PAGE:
Even as North America remains a very tough competitive environment, Under Armour continues to experience strong growth around the world. Sales were up 22%, 33%, and 52%, respectively, in EMEA, Latin America, and Asia-Pacific in the third quarter. And with building scale, profitability is also improving. Operating income was up 103% in EMEA and 26% in Asia Pacific, while operating losses declined slightly in Latin America, by far the company's smallest geographic segment in total sales. 

Under Armour is keeping international growth a priority, even as it works to cut costs. Not only is its business outside North America the obvious bright spot for growth, but it's also still only about 25% of the company's business. Contrast that with Nike, which generates almost 60% of its revenue outside North America.  

But there's more to it than just taking market share, which has been the key source of Under Armour's growth in North America. In 15 years, the global middle class is expected to grow by around 1 billion members, and essentially all of those new middle class people will be in Asia, Africa, and Latin America. This outlook is why Under Armour continues to prioritize international expansion, even as management takes steps to lower costs and operate more profitably. 

3: Restructuring is under way but will take time to pay off

Under Armour announced that it was going to undergo some pretty serious restructuring when it reported after the second quarter. Those plans were part of the reason profit fell so sharply in the quarter, as the company took $85 million in charges related to its restructuring plans. The company originally called for $110 million to $130 million in restructuring expense but increased that range to $140 million to $150 million. Management said it would almost certainly take the rest of the charges during the fourth quarter. 

At this stage, the company hasn't disclosed many specifics about its restructuring plans. Here are the things we do know:

  • It is realigning its organization around five product categories: men's training, women's, running, basketball, and lifestyle. 
  • It is looking to cut product development time from over 20 months to around 12 months. 
  • It will measure return on investment more heavily into where it allocates resources. 
  • It will use its scale to increase operating leverage. 

On the third-quarter call, Plank also indicated that there could be some temporary structural barriers to cost reductions and improving operating leverage. This potential problem is at least partly due to a cost infrastructure, as Plank put it, "which is built for a much larger company" than Under Armour is today. The key will be for management to identify ways to bring that cost structure down in a way that doesn't hinder future growth. And since a portion of that cost structure is hard assets, it's going to take time for management to "right-size" the operating model.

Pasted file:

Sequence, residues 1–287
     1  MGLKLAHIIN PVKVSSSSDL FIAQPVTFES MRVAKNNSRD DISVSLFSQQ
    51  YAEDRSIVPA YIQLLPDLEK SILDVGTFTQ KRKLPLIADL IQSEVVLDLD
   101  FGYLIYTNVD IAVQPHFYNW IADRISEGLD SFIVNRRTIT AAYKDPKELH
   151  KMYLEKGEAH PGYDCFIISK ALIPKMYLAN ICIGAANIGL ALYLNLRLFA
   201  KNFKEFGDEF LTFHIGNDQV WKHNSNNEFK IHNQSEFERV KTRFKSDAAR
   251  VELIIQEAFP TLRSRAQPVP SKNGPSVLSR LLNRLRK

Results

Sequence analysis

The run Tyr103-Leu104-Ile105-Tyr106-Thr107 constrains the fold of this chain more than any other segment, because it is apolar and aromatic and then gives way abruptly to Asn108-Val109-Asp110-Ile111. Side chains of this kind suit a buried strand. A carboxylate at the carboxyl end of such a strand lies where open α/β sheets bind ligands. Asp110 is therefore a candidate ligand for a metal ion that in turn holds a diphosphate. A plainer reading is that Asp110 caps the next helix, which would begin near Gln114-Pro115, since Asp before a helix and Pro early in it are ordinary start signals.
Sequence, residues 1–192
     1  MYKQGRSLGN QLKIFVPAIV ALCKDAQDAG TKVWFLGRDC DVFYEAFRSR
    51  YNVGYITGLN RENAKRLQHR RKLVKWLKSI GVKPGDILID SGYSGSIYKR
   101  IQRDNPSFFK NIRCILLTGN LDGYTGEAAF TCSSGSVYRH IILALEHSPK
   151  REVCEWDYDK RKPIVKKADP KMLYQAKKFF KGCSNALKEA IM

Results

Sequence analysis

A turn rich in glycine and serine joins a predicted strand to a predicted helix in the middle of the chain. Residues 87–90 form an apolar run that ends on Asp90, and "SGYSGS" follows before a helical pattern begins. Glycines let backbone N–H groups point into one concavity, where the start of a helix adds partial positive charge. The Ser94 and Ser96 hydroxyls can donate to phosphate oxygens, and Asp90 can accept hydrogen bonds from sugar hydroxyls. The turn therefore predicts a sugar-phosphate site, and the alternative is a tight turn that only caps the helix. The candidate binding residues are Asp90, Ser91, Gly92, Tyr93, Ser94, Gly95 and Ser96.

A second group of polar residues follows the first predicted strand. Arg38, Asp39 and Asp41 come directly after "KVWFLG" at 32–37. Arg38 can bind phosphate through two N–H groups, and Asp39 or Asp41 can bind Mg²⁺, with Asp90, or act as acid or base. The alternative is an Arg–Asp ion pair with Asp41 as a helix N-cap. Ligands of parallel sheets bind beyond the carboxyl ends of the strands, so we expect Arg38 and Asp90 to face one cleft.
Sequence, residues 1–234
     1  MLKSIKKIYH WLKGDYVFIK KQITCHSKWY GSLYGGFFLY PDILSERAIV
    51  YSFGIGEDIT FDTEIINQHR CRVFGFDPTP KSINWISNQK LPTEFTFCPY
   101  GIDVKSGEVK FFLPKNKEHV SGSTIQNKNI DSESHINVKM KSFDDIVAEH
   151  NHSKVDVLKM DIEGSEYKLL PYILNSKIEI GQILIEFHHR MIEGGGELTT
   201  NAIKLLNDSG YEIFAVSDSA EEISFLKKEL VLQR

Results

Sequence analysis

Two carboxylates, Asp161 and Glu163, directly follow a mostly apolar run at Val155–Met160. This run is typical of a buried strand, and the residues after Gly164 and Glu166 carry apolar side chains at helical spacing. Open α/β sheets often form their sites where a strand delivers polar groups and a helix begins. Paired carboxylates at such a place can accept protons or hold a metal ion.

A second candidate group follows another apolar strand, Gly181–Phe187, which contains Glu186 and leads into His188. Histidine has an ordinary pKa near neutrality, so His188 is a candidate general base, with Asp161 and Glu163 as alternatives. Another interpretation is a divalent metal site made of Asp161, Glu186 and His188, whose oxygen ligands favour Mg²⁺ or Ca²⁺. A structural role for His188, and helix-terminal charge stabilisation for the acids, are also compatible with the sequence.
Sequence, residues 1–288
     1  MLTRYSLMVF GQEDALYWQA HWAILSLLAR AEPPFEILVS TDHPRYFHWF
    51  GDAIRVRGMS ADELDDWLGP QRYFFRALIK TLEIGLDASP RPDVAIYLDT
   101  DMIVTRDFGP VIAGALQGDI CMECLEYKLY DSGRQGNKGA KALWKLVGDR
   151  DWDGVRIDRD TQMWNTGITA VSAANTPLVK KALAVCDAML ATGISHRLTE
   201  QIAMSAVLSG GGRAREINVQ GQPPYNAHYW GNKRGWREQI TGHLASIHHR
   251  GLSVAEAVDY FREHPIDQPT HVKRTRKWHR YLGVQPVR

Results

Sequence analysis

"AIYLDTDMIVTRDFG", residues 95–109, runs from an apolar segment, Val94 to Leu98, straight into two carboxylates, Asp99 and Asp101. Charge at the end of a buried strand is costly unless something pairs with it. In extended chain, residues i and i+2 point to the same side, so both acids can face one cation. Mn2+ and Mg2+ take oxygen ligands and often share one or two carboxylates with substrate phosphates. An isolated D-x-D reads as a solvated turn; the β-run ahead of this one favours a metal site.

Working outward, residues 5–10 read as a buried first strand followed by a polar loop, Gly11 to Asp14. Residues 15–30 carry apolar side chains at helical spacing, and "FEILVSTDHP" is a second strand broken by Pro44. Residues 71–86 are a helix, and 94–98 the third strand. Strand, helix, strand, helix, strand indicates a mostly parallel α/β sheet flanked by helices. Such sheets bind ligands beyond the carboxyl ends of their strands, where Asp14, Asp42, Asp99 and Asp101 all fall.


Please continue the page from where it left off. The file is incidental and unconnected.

Beyond these few specifics, Plank and his team painted relatively broad strokes when discussing the restructuring, but he did commit to providing a far more in-depth look following the fourth-quarter earnings call. Unfortunately for impatient investors, that won't happen until sometime in February.

Looking ahead: Under Armour's step back looks like a necessary one

As Nike's earnings show, Under Armour isn't alone in its struggles in North America. And while that's reassuring in that it does support that the company isn't "broken" as much as it's dealing with a tough, competitive, and changing environment, it's also a stark reminder that the company is facing off against some very big, very serious competitors that will fight for market share. 

But it's probably also a positive thing that Plank recognizes that, if Under Armour is going to be able to re-establish itself as a growth company in North America, he and his staff must reassess the company's priorities and restructure the company to be more nimble to compete. Yet even with the expectations that costs will fall, Plank and other executives were clear that it's still all about developing the best, most innovative products that customers will be passionate about and be willing to pay a premium for. 

It looks as if it's going to take a lot of patience for Under Armour investors who want to ride this out and see what Plank and team can do, because it's going to take a few more quarters to see how things are working out.

Jason Hall owns shares of Bank of America, Under Armour (A Shares), and Under Armour (C Shares). The Motley Fool owns shares of and recommends Nike, Under Armour (A Shares), and Under Armour (C Shares). The Motley Fool has a disclosure policy.